Say Farewell to Yankees’ Win Streak in ESPN Showdown vs. Red Sox

Rainman M.

Wednesday, May 9, 2018 11:33 AM UTC

Wednesday, May. 9, 2018 11:33 AM UTC

The Yankees host Boston for the second game of a three-game series Wednesday at 7 ET.  New York has won seven in a row, but Boston starter Rick Porcello has an undefeated streak of his own. And he’s not the only reason why Boston will win.

Boston Red Sox (25-10) at New York Yankees (25-10)Free MLB Pick: Boston MLBest Line Offered: Bookmaker

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The lineups tonight are two of the very best. The key for MLB bettors tonight is to determine which starting pitcher is more vulnerable.

New York’s Masahiro Tanaka (4-2, 4.39 ERA) is on fade alert in our MLB Picks. On April 11, Boston shelled him for six runs in five innings. Tanaka did not simply have an off evening; he matches up poorly with the Red Sox. Tanaka has deviated from his notoriously poor fastball and emphasized particularly his slider and splitter. Tanaka already began this deviation last year. He had one awful performance against Boston, but otherwise pitched well against them. In 2017, though, Boston’s xSLG (expected slugging percentage; measures what slugging percentage a team should achieve) in 2017 against the slider and splitter was mediocre. This season, Boston ranks first in the category.

Boston’s significant improvement in these two pitches creates a perfect storm with Tanaka's further elevated usage of his two favorite pitches. He is throwing them 56% of the time. Part of the reason for Boston’s improvement is the addition of J.D. Martinez, whose xSLG is .436 against the slider and splitter. In his career against Tanaka, Martinez is 7-for-12 with two doubles and three homers. Another reason is the bounce-back season of Mookie Betts, who is batting .360 and slugging .825. His xSLG against Tanaka’s favorite two pitches is .667. So when Tanaka faced Boston in April, the BoSox achieved a .750 slugging percentage against his slider and .500 against his splitter.

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#StartSpreadingTheNews, the first one is ours. pic.twitter.com/3JMYWDMID8

— New York Yankees (@Yankees) May 9, 2018
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Rick Porcello (5-0, 2.14 ERA) counters for Boston. Porcello is enjoying a renaissance with an ERA 2.51 lower than that of last year. He is striking out more batters, inducing a vastly higher ground-ball rate, and allowing fewer homers. His performances against the Yanks were all over the place last year. Nonetheless, the Yanks are batting only .204 against him in 157 career at-bats. This year, Porcello is achieving consistency by improving his pitch selection and the pitches themselves.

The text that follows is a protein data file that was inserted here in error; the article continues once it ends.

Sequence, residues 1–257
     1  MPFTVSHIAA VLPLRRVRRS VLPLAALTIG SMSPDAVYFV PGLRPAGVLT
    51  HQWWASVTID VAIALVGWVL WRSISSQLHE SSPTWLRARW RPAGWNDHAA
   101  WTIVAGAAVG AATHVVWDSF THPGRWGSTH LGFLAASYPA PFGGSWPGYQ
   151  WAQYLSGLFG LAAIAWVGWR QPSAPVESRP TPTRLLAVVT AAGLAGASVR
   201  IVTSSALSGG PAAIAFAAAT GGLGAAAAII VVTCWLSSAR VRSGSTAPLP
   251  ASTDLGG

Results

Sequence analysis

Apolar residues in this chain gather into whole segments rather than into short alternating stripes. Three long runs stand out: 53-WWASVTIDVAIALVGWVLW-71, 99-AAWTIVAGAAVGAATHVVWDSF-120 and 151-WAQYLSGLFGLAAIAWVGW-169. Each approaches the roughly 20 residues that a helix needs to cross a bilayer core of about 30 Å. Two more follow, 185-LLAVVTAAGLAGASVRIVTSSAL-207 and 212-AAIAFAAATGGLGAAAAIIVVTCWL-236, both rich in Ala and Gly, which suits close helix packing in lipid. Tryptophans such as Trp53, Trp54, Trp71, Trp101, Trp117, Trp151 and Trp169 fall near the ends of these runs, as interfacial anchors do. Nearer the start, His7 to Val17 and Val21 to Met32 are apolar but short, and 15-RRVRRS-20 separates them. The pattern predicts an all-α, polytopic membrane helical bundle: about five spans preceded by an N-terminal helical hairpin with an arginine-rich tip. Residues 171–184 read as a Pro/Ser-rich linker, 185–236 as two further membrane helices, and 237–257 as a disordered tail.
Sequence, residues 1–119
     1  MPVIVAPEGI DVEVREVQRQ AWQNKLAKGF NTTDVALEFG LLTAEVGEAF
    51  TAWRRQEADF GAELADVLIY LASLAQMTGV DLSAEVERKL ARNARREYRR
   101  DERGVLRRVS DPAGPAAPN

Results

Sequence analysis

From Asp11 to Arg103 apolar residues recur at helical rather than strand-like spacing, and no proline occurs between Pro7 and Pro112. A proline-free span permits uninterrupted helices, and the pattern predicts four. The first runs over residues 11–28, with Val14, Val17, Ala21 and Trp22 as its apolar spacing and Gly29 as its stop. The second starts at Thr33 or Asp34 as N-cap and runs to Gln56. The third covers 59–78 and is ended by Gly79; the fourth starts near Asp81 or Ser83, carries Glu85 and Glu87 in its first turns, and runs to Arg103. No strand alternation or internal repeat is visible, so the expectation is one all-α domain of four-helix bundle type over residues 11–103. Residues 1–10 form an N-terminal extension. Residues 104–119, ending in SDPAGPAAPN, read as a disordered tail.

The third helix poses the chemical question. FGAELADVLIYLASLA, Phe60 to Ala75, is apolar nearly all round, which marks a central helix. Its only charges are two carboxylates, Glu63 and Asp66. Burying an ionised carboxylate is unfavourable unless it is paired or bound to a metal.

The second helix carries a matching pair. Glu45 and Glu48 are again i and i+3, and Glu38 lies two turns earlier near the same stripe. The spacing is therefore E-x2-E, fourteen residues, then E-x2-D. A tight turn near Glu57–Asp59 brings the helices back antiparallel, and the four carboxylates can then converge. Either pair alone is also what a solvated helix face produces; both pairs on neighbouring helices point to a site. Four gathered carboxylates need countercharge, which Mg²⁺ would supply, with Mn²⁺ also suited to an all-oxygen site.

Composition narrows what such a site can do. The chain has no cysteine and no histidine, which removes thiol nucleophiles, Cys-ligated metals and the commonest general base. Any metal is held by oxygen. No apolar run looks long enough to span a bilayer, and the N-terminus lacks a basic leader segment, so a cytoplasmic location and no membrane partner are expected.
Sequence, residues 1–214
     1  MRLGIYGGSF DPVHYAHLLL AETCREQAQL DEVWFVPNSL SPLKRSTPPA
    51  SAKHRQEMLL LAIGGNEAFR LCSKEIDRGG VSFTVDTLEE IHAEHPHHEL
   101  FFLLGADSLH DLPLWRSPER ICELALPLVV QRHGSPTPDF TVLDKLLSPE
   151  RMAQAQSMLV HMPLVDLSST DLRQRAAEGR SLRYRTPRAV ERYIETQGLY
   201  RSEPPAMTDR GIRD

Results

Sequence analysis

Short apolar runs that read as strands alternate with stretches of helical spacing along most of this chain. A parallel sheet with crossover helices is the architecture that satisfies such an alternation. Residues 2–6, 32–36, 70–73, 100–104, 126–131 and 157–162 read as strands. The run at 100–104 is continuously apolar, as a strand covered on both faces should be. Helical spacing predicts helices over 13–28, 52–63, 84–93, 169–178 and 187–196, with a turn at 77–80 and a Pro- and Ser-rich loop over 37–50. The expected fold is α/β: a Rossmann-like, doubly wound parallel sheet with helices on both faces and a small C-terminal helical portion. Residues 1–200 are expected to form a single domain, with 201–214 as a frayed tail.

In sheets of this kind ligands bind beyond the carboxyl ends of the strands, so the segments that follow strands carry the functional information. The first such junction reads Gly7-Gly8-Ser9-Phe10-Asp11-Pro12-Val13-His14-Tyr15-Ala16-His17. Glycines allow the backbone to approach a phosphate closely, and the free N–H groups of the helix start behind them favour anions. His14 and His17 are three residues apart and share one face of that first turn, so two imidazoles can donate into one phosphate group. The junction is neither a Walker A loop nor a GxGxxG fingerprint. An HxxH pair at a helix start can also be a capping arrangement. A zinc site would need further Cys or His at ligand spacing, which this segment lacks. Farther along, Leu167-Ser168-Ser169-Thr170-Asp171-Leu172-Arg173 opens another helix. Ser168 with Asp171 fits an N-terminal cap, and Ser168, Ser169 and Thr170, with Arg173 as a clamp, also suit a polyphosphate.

Last year, for instance, the bane of Porcello’s performance against New York was his change-up. The Yanks achieved a slugging percentage of .800 or better against his change in three outings against him. Overall. Porcello’s opposing slugging percentage against the change-up was .597. This year, he has brought that number down to .344 despite throwing change-ups more frequently. He added two mph of velocity and eliminated much of its vertical movement, so that it has essentially become like a fastball, except that it throws hitters off-balance by being slightly slower. The key for Porcello’s change has been location. He is throwing it with 23% higher frequency in the lower-middle part of the strike zone. The Yanks owned Porcello’s change last year because they have one of the best lineups against this pitch. But since 2017, they rank outside the top half in terms of slugging percentage against the change-up thrown in the lower-middle part of the zone, where Porcello has been throwing it consistently against all of his opponents thus far.

Porcello has improved himself in other ways. Opponents are less able to sit on his fastball, which he throws less frequently and with much less threat to himself. He recreated his two-seam fastball by giving it different movement and is making fewer location errors with his slider. The opposing BA against both pitches is consequently drastically lower. Also, he’s throwing with 5% higher frequency in the lowest part of the strike zone in order to induce more non-threatening ground balls.

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